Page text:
In a few years, randomly scattered digital eyeballs will cover the back of your smartphone. This actually isn’t speculation. It’s a near certainty.
This photo is a prototype L16 camera from the company Light. While the L16 has not yet been released, it’s already the most promising new photo gadget in years. The L16 uses a range of lenses with smartphone-sized sensors to computationally generate images that could have come from a DSLR. It also brings features to the table never before seen on a professional-quality camera, like after-the-fact focus and depth-of-field adjustments.
Whether the L16 itself can actually compete with the best DSLRs around remains to be seen, but it doesn’t matter. It’s essentially a proof-of-concept device. If it works, which it seems likely to based on example shots and conversations with the creators, the underlying tech can scale up or down. And the creators have partnered with smartphone manufacturing giant Foxconn to scale it down for smartphones.
Bradley Lautenbach, who heads marketing and product design for Light, says he doesn’t yet know exactly which of the many companies Foxconn builds phones for (the most notable is Apple) will get full-fledged computational photography first. But he says the manufacturer has the rights to the technology and intends to use it.
Multi-lens devices like the Huawei P9 and LG G5 already feature some baby steps toward multi-lens image making with their dual cameras. The G5’s is a bit disappointing, but the P9 uses a combined monochrome and colour sensor to enhace sharpness and low-light quality, apparently to great success.
Cameras as they are have probably come close to the upper limit of quality that they can achieve with a single, small lens and sensor. Offering users the chance to shoot images closer to DSLRs’ would give a brand a major leg up over the competition.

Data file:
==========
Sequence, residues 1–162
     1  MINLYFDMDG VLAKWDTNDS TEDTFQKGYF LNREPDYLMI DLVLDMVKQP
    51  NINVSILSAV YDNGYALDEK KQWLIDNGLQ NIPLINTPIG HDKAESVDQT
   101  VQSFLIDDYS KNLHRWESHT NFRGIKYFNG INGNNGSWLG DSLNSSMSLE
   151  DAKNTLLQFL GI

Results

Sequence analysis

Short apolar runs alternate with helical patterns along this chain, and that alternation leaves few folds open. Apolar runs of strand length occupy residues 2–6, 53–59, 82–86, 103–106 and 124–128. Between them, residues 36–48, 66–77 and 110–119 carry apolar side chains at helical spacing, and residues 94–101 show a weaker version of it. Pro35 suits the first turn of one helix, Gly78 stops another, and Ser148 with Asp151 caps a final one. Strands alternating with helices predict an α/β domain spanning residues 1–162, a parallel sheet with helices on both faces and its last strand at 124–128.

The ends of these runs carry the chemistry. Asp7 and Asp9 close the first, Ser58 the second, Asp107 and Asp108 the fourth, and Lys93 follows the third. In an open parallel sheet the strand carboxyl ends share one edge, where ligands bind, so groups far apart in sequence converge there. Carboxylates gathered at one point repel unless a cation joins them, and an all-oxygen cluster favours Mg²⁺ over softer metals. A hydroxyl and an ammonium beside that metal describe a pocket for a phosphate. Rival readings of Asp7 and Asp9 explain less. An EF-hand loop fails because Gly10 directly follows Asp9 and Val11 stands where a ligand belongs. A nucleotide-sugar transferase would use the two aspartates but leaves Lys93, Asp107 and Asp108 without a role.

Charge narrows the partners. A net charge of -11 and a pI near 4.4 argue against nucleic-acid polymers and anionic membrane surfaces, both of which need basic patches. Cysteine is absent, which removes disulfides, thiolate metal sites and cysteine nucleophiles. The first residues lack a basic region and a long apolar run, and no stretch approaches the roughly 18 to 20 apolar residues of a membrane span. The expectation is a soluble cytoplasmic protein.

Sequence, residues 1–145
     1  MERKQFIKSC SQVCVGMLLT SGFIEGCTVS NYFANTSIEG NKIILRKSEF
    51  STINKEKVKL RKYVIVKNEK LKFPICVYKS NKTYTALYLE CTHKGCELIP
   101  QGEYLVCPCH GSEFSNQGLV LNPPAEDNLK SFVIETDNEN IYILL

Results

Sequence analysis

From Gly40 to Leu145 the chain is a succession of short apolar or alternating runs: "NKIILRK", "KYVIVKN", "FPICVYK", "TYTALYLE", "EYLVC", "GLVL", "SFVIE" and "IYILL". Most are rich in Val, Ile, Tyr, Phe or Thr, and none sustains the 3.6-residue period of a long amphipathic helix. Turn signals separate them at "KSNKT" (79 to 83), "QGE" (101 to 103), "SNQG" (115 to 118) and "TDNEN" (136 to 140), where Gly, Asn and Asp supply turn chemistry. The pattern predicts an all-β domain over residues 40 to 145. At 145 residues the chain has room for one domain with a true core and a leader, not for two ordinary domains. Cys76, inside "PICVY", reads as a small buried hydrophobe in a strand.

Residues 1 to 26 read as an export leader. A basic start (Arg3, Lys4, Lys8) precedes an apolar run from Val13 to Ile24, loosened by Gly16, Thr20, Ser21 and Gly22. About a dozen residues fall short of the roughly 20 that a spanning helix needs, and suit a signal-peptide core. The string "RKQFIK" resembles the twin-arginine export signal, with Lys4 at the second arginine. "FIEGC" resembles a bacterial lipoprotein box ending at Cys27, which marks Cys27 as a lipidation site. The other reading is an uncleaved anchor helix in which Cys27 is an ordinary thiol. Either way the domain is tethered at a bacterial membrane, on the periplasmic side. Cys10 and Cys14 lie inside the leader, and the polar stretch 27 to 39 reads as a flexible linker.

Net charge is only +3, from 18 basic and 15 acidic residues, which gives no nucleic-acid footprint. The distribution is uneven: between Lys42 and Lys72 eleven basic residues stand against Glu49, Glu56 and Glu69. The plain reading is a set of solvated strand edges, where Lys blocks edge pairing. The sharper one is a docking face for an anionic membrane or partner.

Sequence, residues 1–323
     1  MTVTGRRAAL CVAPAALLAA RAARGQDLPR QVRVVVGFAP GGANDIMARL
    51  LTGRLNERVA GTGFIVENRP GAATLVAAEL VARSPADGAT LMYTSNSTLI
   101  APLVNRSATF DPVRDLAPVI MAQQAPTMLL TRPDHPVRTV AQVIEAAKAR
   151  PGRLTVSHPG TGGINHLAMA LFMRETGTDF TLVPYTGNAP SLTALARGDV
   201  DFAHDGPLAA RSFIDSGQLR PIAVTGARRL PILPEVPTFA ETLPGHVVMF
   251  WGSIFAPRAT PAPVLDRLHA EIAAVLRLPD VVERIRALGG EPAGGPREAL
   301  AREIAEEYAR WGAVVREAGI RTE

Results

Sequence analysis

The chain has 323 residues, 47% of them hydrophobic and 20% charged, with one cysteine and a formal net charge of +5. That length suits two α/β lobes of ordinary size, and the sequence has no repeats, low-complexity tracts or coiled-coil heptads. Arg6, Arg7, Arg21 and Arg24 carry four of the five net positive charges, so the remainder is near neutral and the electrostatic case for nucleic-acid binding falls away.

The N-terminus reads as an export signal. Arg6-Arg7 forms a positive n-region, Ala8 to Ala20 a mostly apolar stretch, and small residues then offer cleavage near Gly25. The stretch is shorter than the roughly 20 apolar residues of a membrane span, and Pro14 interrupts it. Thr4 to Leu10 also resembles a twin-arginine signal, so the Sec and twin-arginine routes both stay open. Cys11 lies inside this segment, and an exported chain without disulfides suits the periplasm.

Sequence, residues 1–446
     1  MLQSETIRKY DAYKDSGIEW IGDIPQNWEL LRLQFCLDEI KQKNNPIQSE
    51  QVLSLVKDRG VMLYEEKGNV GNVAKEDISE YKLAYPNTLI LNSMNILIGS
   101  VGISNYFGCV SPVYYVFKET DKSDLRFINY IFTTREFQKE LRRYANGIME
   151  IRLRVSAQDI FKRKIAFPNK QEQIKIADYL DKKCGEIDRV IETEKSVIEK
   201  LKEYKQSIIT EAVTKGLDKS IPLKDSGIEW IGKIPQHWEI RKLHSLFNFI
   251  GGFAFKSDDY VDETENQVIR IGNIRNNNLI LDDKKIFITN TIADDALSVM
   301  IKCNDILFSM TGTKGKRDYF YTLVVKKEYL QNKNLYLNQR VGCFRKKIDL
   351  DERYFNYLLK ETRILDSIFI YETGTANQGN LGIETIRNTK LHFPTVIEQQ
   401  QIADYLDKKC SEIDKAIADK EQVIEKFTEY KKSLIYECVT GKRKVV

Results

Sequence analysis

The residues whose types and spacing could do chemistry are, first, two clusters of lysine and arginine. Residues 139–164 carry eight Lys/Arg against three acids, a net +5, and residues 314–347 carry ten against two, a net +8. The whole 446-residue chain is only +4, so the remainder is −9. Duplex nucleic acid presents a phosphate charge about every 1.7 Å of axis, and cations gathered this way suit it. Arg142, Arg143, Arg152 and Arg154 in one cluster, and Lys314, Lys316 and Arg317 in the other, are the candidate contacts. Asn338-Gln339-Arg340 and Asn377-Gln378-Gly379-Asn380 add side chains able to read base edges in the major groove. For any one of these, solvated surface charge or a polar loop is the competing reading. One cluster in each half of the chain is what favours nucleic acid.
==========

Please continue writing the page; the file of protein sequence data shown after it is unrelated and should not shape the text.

Whatever smartphone becomes the first to feature L16-style computational photography will likely not be quite as impressive. The L16 has 16 lenses, which are more than the technology needs to work on a simpler level, according to CTO Rajiv Laroia. And there will be reasons to do away with some its most impressive features; the 70mm and 150mm lenses it uses for long-range shooting lie sideways in the device, collecting light from mirrors angled at 45 degrees. That’s part of the reason the L16, while about as long and wide as an iPhone 6s Plus, is several times as thick.
But on a technological level, from the moment the L16 is released a smartphone version won’t be a very distant dream. Lautenbach points out that the gadget, which has a 5-inch screen, a Snapdragon processor, and an Android operating system, is just an LTE radio shy of being a smartphone itself.
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